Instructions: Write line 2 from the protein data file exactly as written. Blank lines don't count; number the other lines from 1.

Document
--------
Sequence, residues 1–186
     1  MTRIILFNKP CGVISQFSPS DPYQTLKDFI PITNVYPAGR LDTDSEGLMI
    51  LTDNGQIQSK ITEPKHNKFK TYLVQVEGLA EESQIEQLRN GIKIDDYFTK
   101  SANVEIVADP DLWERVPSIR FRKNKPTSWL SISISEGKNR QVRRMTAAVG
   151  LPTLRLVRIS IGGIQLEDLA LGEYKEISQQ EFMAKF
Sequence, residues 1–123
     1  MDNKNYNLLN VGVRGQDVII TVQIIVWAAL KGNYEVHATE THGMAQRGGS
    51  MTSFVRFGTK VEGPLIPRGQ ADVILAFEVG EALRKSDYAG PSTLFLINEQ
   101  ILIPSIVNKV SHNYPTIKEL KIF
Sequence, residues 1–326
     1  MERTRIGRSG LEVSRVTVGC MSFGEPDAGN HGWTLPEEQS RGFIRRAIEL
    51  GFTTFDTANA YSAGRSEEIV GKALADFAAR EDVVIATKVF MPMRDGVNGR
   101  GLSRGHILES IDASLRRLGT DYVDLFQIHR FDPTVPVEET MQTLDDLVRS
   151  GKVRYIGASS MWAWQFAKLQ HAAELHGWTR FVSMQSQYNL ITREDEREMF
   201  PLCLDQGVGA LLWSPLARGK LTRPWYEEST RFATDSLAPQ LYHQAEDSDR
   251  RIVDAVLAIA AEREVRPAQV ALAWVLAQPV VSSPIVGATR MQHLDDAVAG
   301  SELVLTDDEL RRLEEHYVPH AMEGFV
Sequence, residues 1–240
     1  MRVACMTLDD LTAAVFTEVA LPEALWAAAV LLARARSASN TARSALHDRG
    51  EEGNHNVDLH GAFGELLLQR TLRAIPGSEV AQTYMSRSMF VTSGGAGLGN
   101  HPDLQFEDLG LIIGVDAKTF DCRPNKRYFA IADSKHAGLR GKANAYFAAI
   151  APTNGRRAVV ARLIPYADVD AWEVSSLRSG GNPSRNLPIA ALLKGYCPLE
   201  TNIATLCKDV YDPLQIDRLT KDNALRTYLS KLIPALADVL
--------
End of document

     1  MTRIILFNKP CGVISQFSPS DPYQTLKDFI PITNVYPAGR LDTDSEGLMI